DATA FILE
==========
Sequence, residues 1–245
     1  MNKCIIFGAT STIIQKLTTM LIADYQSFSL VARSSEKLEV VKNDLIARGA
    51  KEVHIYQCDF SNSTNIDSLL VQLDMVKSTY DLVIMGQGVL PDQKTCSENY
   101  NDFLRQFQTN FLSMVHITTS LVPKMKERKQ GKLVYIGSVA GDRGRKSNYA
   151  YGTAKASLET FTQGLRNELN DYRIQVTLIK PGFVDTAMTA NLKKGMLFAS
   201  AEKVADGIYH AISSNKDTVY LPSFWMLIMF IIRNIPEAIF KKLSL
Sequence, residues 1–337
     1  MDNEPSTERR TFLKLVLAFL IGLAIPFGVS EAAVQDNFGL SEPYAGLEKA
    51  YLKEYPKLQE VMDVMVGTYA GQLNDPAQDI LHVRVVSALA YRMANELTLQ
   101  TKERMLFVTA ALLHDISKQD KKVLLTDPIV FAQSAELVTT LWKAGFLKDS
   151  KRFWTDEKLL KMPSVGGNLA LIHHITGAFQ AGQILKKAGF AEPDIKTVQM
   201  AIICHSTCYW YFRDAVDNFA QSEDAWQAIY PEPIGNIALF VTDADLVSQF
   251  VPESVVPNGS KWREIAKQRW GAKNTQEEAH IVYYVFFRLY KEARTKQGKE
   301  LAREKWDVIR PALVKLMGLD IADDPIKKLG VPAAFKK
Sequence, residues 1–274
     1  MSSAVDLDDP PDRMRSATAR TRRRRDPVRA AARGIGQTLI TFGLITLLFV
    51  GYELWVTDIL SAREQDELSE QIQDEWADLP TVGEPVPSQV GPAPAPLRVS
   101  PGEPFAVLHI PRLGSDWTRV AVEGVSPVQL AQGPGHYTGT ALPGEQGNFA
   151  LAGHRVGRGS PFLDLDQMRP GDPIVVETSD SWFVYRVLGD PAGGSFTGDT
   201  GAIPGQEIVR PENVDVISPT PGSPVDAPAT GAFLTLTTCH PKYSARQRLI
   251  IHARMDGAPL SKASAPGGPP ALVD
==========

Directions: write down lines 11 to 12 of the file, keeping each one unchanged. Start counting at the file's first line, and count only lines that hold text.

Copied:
   151  KRFWTDEKLL KMPSVGGNLA LIHHITGAFQ AGQILKKAGF AEPDIKTVQM
   201  AIICHSTCYW YFRDAVDNFA QSEDAWQAIY PEPIGNIALF VTDADLVSQF